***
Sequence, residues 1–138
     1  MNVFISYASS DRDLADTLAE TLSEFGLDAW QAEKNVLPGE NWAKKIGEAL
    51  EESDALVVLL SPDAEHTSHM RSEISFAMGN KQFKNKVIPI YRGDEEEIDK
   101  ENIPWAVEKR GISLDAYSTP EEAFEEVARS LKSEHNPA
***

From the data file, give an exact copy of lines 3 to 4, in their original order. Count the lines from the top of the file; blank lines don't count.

    51  EESDALVVLL SPDAEHTSHM RSEISFAMGN KQFKNKVIPI YRGDEEEIDK
   101  ENIPWAVEKR GISLDAYSTP EEAFEEVARS LKSEHNPA